Billings Clinic launches first Montana-based Project ECHO hub
Program to support mental health and substance abuse clinicians within the Department of Corrections
Billings, MT— In an effort to overcome the longstanding, state-wide shortage of mental health and substance abuse clinicians, Billings Clinic is launching the first Montana-based Project ECHO hub.
The ECHO (Extension for Community Healthcare Outcomes) model™ is a medical education and care management collaborative that empowers clinicians in remote settings to deliver better care to more people locally. By putting local clinicians together with specialist teams at larger medical centers in weekly virtual clinics or teleECHO™ clinics, Project ECHO shares knowledge, expands treatment capacity and offers peer support to otherwise regionally isolated clinicians.
Project ECHO Billings Clinic is utilizing this research-validated method to establish an addictions and behavioral health collaborative and peer support for addictions and behavioral health clinicians working within the Department of Corrections to care for offenders who are incarcerated or transitioning back into the community.
As the most comprehensive psychiatric and behavioral health medical practice in Montana, Billings Clinic is leading this initiative, bringing together a psychiatrist, pharmacist, nurse, and social worker. Rimrock Foundation and the Department of Corrections will also supply professional personnel to complete this multidisciplinary team hub.
“Thanks to the support from the Montana Mental Health Trust, our first Project ECHO clinic will focus on delivering support and improving care within mental and addictions services,” said Dr. Eric Arzubi, chair of Billings Clinic’s Department of Psychiatric Services. “We anticipate that, over time, other medical specialties will benefit from Project ECHO Billings Clinic to enhance the quality of healthcare services around the region.”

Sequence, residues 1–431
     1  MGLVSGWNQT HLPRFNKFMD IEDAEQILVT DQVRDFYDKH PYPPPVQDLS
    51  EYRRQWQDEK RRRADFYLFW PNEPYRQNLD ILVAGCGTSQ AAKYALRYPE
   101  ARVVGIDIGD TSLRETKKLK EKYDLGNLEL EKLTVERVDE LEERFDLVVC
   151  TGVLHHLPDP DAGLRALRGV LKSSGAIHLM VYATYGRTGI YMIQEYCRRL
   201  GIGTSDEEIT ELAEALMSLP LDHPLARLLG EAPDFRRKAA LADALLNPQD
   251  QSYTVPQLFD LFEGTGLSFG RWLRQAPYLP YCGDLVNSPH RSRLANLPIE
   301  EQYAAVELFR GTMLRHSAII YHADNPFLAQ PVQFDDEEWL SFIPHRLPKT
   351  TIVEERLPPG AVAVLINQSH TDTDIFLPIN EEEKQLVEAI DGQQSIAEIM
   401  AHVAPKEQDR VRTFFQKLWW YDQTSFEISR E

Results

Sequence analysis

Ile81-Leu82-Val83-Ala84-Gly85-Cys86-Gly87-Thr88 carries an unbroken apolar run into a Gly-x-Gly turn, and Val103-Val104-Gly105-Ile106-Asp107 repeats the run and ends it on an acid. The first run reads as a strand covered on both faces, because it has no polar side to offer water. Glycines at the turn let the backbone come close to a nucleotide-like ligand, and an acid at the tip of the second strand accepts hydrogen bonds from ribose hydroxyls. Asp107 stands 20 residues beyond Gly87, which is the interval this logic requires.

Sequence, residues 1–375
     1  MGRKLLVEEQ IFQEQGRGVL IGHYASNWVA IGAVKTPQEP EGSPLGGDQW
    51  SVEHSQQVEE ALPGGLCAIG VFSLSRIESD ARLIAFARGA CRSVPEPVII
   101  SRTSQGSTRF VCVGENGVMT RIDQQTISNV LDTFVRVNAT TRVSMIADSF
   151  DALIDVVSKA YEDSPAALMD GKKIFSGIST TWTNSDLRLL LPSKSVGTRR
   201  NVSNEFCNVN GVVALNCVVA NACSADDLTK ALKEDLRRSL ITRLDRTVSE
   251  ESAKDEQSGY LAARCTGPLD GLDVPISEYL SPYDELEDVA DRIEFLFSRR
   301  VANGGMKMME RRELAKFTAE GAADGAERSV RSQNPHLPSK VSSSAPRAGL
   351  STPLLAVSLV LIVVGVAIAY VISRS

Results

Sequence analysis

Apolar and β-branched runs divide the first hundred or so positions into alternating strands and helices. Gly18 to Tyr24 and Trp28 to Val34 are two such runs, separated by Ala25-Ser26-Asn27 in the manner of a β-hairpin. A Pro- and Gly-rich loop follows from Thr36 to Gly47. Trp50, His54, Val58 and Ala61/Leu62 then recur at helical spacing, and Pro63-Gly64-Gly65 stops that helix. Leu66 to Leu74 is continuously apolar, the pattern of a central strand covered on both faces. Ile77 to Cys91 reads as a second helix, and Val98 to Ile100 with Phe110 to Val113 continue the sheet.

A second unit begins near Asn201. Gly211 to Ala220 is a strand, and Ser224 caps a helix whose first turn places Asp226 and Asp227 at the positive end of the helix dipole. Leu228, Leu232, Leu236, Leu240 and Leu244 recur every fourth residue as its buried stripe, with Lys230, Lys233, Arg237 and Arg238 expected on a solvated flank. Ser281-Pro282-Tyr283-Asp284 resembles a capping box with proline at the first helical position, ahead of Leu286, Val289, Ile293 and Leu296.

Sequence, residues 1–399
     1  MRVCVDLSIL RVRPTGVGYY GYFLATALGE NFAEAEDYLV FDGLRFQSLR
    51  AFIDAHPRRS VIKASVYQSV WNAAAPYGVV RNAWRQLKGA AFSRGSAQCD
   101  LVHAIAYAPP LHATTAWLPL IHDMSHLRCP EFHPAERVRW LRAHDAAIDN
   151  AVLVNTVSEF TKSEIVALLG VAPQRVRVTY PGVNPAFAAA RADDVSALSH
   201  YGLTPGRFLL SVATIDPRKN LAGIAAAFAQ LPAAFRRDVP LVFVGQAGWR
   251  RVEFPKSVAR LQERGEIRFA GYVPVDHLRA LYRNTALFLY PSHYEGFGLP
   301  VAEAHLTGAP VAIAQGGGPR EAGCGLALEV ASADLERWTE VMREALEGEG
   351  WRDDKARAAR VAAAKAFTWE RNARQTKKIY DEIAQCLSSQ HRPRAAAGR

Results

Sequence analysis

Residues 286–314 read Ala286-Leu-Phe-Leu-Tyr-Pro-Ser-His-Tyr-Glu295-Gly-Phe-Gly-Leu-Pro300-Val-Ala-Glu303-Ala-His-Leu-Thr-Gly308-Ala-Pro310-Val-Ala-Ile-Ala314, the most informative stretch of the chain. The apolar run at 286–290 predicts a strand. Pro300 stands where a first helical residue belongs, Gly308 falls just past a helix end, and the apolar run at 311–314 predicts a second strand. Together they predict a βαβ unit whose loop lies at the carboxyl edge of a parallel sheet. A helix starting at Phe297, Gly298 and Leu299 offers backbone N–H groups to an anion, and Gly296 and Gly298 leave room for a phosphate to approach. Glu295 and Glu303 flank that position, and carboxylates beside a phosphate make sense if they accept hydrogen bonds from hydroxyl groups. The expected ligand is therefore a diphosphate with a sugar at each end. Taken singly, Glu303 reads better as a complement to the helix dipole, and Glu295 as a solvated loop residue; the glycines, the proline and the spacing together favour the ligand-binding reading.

Project ECHO Billings Clinic will offer weekly educational support and 60 minutes of collaborative case review provided by mental health clinicians from the Montana State Prison and Passages. The multidisciplinary team will collectively share strategies, best-practices, and appropriate testing or pharmacy recommendations to best serve the patient.
“Having access to such a high caliber of psychiatric expertise will mean better mental health care for offenders, something we know translates into safer communities,” said Department of Corrections Deputy Director Loraine Wodnik. “We’re also grateful for the support this innovative approach will provide to the dedicated team of mental health professionals within the department. Project ECHO is a definite win-win for Montana.”
Project ECHO operates 39 hubs for nearly 30 diseases and conditions in 22 states and five countries outside the U.S., including sites within the Department of Defense healthcare systems.
The Project ECHO Billings Clinic Kickoff will take place on January 20, 2015, followed by a maximum of 40 weekly case presentations and consultations. The project will be evaluated after six weeks by Project ECHO process experts. A formal program evaluation with research outcomes will begin in November, culminating with a final report at the end of the year.